Anthony House SYR

Fulton's Kateri Spinella, above right, on the Chevy Court stage at the New York State Fair Tuesday, has won a $1,000 grant for her hospice non-profit.

SYRACUSE — Kateri Spinella laid yet another building block in the foundation of hospice care project Anthony House on Tuesday.

Spinella, a Fulton resident and co-founder of hospice care provider Wellhouse Ministries, was on hand at the Chevy Court stage at the New York State Fair Tuesday to receive $1,000 for her participation in the WellCare Champions competition. 

The competition highlighted five central New York leaders who are aiming to better the health conditions of the elder population. The company pledged a $10,000 check to help the voting contest winner’s charity of their choice. 

Despite not winning the grand prize, Spinella said she was thrilled to have participated in the competition and called the funds received “building blocks” toward Anthony House — a Wellhouse Ministries project she described as an alternative to a nursing home or hospital in the city of Oswego for the people in the twilight of their lives.

“To receive this funding is just a thrill and completely unexpected,” an ecstatic Spinella said. “And all along the way the people from WellCare and our supporters have said ‘you are already champions for the work that you do’ and everyone has really nurtured that. They have really celebrated that with us.”

While still meeting with property owners to try and secure a location in the Port City, Spinella says the project has been a long time coming and she hopes to have an announcement to make soon.

“Often times we are told: ‘anything worth doing takes time,’” she said, noting a lack of understanding of the nonprofit’s mission from the community has been one of the obstacles met along the way.  “In some instances end of life care — let's face it — is not an easy topic to talk about. It is not a conversation people have probably as often as people should and I think a big part of our mission is to be invested in the community and help with that.”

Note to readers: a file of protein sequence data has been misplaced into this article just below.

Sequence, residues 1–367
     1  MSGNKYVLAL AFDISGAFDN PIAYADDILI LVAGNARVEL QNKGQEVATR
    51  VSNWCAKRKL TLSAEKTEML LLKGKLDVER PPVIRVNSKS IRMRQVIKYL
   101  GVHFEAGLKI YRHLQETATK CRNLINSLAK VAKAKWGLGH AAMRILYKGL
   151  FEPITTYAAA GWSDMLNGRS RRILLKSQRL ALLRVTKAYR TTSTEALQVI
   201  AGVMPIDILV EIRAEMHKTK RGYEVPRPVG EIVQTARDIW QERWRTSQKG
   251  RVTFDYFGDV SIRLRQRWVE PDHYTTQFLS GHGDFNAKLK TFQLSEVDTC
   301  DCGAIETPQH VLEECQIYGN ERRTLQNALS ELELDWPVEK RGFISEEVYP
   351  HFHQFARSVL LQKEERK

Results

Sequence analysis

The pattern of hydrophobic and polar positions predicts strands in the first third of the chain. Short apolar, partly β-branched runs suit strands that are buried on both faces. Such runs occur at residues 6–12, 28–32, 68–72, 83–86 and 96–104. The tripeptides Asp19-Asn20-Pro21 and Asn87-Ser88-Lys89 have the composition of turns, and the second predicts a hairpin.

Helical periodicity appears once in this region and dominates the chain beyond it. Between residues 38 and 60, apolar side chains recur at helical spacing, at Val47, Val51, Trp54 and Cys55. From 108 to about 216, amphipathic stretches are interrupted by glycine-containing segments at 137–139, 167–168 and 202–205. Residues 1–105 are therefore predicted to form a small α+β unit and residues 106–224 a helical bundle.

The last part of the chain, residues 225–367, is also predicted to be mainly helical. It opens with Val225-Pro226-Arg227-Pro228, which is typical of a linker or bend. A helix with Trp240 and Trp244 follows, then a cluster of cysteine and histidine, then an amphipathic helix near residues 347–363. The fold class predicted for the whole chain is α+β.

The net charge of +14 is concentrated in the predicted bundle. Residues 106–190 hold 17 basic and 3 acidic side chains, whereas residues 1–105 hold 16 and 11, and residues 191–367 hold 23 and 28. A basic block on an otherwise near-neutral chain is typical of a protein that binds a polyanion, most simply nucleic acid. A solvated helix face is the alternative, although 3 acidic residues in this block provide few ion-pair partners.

Going out and sharing the nonprofit’s mission has helped volunteers and supporters of the project “come together,” according to Spinella. 

“As we are out in the community, sharing our story and helping people understand who we are and what we are trying to do,” she said. “People have begun to come together and help alongside us and make this a reality.” 

Spinella also said community investment is a contributing factor that will carry the project forward and into the future.

“Any investment anyone makes with Anthony House  — whether it is their time, money or some other resource — they are investing in their communities,” she said. “They are giving back to a neighbor, a friend or a family member. That is what will keep it sustained for years to come.”

The project has been an undertaking that has not only brought volunteers into the fold, but also Spinella’s “large” family.

“It is a family business,” said Chris Santimaw, Spinella’s sister and a volunteer with Wellhouse Ministries. “(Anthony House) is a great idea and a great opportunity for Oswego County to have a hospice and end of life care facility. It has brought everyone together. We are a large family so people definitely try to give it as much time as they can. We try to participate together.”

Much like Spinella, the winning WellCare champion Barb Genton said she also wants to make a difference in her community as a longtime volunteer with the LGBTQ-focused elder care organization Sage Upstate.

Genton, who is a falls prevention instructor at Syracuse’s Sage Upstate, said her love of exercising helped her take an interest in improving the health of senior populations in central New York.

“It is a perfect fit for who I am,” a beaming Genton said.

The funds will help with Genton’s falls prevention classes, where she helps senior citizens with knowing how to keep their balance. 

Sage also organizes monthly potlucks in Oswego County for senior citizens, and though handled by a single volunteer, Genton said part of the WellCare funds would go to help with organizing costs.

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